There were also some modern touches: Your children could, for example, get their faces painted, and if they came on Saturday, get an animal made out of balloons.
And was there anyone who didn’t watch the puppet show by Carol Ann Gieske and Trina Stitak if they happened to be around when it was performed?
Well, that’s a taste, just a taste of some of what happened at Heritage Fest. Just add to your imagining of it some live music, people visiting with each other, and a festive, family atmosphere.
Now, here’s some really good news: Any of you who has been reading Restorationfor more than a few months is familiar with Fr. Pat McNulty’s column, and many of you know that he has been seriously ill.
One Friday a few weeks ago, we were told that he would probably die over the weekend and would certainly not last the week. We prayed for him and grieved and prepared for a funeral.
Well, he didn’t die! Gradually, he began to eat more than just ice chips—first a little ice cream, then some softened cheese and gradually other foods.
To our amazement, he started showing up for things: Mass or a meal. You’d also see him in the hallways of St. Mary’s, driving his electric wheel chair himself and, once in a while, you’d see him at the computer.
This past Sunday, he concelebrated Mass in a wheel chair and put in an appearance at the 90th birthday party of a friend who lives in the area!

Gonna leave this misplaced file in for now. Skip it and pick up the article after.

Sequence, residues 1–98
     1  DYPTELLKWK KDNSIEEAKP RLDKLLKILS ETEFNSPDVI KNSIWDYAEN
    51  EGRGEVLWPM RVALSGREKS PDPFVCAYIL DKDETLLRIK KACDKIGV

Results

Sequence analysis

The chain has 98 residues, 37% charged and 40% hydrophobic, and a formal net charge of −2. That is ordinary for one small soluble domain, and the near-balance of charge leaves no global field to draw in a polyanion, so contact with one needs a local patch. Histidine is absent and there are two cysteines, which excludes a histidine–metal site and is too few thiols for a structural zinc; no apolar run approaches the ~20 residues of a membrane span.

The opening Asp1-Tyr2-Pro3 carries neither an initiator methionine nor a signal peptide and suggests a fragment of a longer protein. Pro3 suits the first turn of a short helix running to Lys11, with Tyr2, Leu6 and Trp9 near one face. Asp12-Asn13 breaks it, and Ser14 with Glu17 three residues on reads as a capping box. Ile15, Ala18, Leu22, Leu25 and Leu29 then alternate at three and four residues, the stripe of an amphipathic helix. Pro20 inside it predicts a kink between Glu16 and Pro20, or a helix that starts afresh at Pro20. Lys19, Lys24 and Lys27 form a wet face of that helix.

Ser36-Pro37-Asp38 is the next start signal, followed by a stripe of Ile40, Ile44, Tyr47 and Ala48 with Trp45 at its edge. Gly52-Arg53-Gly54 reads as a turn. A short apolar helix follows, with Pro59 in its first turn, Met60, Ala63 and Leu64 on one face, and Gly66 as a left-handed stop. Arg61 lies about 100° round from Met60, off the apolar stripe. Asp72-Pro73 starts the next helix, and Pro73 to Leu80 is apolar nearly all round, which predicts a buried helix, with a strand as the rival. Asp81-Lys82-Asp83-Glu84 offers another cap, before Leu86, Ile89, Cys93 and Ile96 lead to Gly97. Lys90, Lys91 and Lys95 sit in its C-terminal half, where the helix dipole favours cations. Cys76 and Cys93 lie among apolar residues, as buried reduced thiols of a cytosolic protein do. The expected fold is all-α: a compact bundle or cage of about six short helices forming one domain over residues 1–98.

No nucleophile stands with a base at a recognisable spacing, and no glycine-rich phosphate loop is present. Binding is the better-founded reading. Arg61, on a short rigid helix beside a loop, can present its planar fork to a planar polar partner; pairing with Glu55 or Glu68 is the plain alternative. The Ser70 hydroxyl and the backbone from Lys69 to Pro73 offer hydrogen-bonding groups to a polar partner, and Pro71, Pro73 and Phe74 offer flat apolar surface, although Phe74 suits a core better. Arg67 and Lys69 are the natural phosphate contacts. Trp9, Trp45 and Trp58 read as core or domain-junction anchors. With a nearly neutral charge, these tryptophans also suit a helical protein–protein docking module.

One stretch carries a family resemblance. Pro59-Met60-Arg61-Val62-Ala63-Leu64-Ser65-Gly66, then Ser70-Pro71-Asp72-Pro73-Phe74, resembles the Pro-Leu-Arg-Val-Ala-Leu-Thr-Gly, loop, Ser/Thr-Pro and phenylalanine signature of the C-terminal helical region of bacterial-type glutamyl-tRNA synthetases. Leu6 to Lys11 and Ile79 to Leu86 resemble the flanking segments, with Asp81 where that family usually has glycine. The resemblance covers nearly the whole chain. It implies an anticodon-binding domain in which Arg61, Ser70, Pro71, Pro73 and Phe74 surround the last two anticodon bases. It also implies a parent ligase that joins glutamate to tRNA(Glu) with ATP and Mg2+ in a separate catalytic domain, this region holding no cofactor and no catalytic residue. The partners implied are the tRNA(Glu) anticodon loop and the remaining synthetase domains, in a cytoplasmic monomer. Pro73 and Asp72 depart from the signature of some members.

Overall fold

More and more, though he is still very weak, he is getting back to being his old feisty self. What can we say but “alleluia” and “thank you, God” for whatever more time we have with him.
Now for some more ordinary happenings: Andorra Howard, along with several hundred other beekeepers, attended the annual conference of the Eastern Apicultural Society at the University of Guelph. Anne Marie Murphy and Mary Davis attended the Twist Sheep/Wool Festival in Quebec.
Larry Klein and Raandi King gave a presentation on physician assisted suicide, suggesting that we write letters. The Supreme Court has recently overturned the law which made it illegal in Canada, and the plan is that a new law giving specifics will be worked on in a year’s time.
Fr. David May gave us a talk and summary of Laudato Si’, Pope Francis’ new encyclical on the environment.
Among our visitors, one of note was Brother Marc Piret, the founder of the new ecclesiastical community, Tiberiade, in Belgium. He and his community are friends of MH Belgium.
A group called, “Ottawa Friends of Madonna House,” spent a day here as did the resident assistants (house parents) of Our Lady Seat of Wisdom Academy. The latter came for a Madonna House experience.
Speaking of Our Lady Seat of Wisdom, our local school of higher learning, Fr. Zach Romanowsky has been appointed as their chaplain.
These days we are praying for the Pope’s visit to Cuba and the U.S. and the World Meeting of Families. Four of our staff attended the Meeting and we’ll be telling you about that next month. And of course we are praying for Europe and the refuges.
You, too, are in our prayers. May God give you, pressed down and overflowing, whatever graces you need at this time.